They also provide one of the best advantages. The fact that it's local and network attached. This allows you to "mount" your storage location as if they were files and folders on your own computer. Meaning that if your local network is fast enough, you won't even notice that files are on a server and you can barely tell that they're not on your computer.
The main drawback to this is unfortunately the fact that they're also servers. They spin the disks, they generate heat (especially if you just leave them and they get clogged with dust) - Meaning that they can also fail. Even though it's the most practical, it's also the solution with the highest chance of failure. It's recommended to have additional backup solutions than just a NAS or storage server.
This is what I use and they're the most common form of offsite backups in most businesses. It's a pretty simple concept and it's similar to the cloud, but it works a bit differently. Examples of Object storage services are Amazon S3 and Backblaze B2 (Which is the one I use)
These services usually just provide an API and a basic web UI, they then trust you to write scripts or use third-party tools. In my case I have a script that just kicks off
rsync to get files from all the servers I want and then it pushes those files and folders to Backblaze B2. Easy as pie (Disclaimer: I am not good at making pie)
The main advantage to these services are their scaling. You only pay for what you use. If you need 52 GiB of storage, you don't pay for the 100 GiB plan because 50 GiB just barely isn't enough. You just pay for 52 GiB. The drawback is that this is probably too complicated for the average user. On the flip side it means that you earn 10 nerd points if you use it.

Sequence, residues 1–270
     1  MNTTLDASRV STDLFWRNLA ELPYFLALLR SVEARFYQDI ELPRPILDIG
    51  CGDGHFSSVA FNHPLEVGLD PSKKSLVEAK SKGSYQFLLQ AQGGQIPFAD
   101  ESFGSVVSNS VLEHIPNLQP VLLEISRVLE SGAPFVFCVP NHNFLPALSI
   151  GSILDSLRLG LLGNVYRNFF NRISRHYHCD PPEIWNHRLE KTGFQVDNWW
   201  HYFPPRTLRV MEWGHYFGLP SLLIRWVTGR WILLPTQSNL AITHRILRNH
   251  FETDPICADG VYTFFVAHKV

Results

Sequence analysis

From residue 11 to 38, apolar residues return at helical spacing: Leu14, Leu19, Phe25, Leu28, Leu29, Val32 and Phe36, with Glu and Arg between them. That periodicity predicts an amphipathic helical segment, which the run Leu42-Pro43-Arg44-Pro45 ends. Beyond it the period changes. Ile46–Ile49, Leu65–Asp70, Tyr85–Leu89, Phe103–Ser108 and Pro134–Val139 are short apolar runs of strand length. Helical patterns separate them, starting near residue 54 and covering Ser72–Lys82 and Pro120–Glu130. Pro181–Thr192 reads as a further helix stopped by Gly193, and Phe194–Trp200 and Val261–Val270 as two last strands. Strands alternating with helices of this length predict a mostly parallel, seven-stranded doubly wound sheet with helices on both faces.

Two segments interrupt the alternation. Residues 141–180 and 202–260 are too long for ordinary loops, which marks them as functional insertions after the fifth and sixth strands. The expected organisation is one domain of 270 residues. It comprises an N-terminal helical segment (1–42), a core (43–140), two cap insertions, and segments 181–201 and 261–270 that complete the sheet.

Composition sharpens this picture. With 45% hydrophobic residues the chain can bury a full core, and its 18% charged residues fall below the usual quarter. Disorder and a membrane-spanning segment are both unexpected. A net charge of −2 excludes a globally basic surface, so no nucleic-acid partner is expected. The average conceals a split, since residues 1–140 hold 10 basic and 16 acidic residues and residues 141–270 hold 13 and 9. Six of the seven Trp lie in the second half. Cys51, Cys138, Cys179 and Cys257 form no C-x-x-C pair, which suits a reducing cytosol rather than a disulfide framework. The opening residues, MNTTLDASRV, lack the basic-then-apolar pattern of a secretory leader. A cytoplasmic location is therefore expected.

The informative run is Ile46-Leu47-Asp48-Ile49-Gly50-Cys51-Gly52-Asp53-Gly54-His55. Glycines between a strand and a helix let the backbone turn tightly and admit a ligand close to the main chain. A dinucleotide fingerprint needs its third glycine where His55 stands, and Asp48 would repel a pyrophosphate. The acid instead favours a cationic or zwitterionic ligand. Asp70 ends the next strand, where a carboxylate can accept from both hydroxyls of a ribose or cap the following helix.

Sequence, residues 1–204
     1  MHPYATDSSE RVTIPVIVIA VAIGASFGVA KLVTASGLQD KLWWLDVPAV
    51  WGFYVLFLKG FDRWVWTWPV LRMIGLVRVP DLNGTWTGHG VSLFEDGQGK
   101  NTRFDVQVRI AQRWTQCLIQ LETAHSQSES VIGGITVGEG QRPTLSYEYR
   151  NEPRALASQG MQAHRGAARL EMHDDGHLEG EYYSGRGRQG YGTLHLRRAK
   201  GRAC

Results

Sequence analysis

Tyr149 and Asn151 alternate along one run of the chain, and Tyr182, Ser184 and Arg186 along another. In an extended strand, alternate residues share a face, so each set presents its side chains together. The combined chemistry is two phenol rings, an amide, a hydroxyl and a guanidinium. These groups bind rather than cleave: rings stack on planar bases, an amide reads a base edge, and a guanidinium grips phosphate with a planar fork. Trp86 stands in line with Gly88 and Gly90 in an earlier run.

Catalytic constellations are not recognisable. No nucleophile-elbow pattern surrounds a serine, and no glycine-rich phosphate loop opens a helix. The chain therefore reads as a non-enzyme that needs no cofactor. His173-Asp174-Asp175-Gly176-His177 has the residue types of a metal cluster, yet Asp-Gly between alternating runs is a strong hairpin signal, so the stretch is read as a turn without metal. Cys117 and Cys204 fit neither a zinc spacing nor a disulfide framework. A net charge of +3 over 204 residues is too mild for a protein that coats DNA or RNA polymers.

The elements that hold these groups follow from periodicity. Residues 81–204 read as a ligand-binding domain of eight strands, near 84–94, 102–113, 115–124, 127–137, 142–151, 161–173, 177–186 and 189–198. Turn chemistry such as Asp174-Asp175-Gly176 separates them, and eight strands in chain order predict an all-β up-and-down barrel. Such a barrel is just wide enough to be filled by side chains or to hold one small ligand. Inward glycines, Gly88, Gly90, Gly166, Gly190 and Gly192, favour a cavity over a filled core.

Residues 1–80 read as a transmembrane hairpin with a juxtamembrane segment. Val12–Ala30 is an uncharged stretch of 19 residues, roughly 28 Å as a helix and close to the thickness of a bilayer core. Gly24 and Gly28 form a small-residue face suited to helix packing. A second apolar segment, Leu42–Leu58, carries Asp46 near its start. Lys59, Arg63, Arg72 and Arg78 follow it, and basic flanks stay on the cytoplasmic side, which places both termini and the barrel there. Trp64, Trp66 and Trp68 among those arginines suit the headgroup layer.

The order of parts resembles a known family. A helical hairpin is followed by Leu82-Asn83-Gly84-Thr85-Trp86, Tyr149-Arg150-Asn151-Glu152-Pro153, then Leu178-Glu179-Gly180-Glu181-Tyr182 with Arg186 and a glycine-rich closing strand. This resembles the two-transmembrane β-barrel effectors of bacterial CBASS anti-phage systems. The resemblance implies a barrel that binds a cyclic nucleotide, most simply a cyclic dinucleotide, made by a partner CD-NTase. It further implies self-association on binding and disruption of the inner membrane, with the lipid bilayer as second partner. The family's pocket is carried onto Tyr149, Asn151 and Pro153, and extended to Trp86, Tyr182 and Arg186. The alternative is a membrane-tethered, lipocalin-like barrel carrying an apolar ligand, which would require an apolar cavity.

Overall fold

This one might sound weird. Because it is, but it's surprisingly common at workplaces.
Sometimes you just don't trust the virtual world to store your work documents. So what should you do? Print them. Keep an old-school copy of the really important stuff and tuck it away somewhere safe. The main advantage to this is that it's pretty much impossible to lose the data in any scenario unless you forget where you put them or don't keep them away from things like water.
The drawbacks for this one should also be obvious. It's paper. You can rip it, you can physically lose it and organizing them is a pain in the ass. And the worst one: It only works for documents and photos. I mean I won't stop you from printing flipbooks of all your video files, but I'd recommend against it. Printing a database dump wouldn't be that pretty either.
TL;DR: Optimal for grandmas who want to print their photos or a business who want to keep stuff in a safe location. Otherwise, get with the times kiddo.
Do none of the above fit you needs? Well, luckily businesses all around the world are really crazy about backups, so there are plenty of services. For consumers you might want to take a look at something like Backblaze's regular service. Server owners might be more interested in something like rsync.net
This was my objective comparison of backup methods, it's something that was simply born in my mind while thinking about backups after that openings.moe incident. I won't draw any conclusions since what works best for you will vary.
But if I'm lucky, this helped someone out there decide on their backup solution.